Caddy is an open-source web server that aims for a more secure web as it automatically configures LetsEncrypt for your domains (it also has the support for ZeroSSL starting with v2.2.0 Caddy). It is fast and written in Go, as well as the underlying library for issuing and renewing certificates - certmagic. Besides its speed and auto-ssl, it is also very light, easy to configure and use in Docker/Kubernetes, and very extensible.

One thing that differentiates Caddy from other webservers is its ask endpoint. Basically - it asks the endpoint if it is allowed to issue the certificate for the particular domain and only then issues the certificate for it. This is useful for us at MailerLite and our landing pages feature which allows users to easily create landing pages for them via drag and drop editor and they can use their custom domains for it. As we are also aiming for a more secure web, we are giving out the free certificates for each custom domain users set.

The company of our size has a lot of custom domains used in our landing pages, so we wanted to use some other storage rather than files for certificates. Fortunately, there is a plugin that utilizes Redis for that operation. It is really easy to add plugins to your Caddy installation with Caddy builder. You can find our implementation here. This Dockerfile also includes Cloudflare DNS plugin so you can use dns-01 verification instead of http-01 (useful when running certificates on your local network).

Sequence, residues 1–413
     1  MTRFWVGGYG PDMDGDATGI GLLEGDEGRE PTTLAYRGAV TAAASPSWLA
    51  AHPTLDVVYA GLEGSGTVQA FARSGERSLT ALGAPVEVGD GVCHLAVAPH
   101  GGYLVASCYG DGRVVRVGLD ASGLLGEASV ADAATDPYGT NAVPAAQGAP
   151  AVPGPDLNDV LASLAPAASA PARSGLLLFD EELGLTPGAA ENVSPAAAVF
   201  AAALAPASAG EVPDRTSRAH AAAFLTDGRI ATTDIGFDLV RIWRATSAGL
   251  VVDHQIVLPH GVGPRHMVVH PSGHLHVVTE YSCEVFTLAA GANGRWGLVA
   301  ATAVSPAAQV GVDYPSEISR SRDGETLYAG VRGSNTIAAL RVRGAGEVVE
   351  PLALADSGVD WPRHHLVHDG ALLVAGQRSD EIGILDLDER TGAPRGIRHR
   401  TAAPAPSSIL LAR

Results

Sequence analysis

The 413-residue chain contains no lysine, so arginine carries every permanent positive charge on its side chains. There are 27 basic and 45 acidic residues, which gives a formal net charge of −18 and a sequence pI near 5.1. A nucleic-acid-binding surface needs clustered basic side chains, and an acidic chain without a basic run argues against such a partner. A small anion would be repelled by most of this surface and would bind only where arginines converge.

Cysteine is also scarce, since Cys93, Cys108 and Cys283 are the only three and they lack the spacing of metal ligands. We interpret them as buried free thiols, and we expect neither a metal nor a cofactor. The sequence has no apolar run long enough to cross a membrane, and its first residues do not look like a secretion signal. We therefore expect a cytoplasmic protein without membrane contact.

Back to the implementation, we utilize the following caddy configuration:

	email [email protected]
	on_demand_tls {

	storage redis {

:8080 {
    respond /healthz "200 ok"

:443 {
	tls {
		transport http {
			keepalive 30s

As you can see, we are utilizing env variables to set our ask endpoint, as well the other config, redis host, and finally, our microservice that servers landing pages. Our stack for landing services contains a couple of microservices - Caddy, Redis, NodeJS landings microservice, and Golang ask endpoint microservice. I won’t get into depth on how we deploy the apps to Kubernetes in the post, but in a nutshell, we are using Helm, Helm Secrets, Skaffold, and GitHub Actions.

To get a better overview of how the flow is, you can check it out in the following image:

Caddy flow

Overall, we are really satisfied with how easy and performant Caddy is, and in version 2.2.0 you can even have native Prometheus integration so you could increase your observability in Grafana, for example.

Let me know in the comments if you have any questions about the implementation.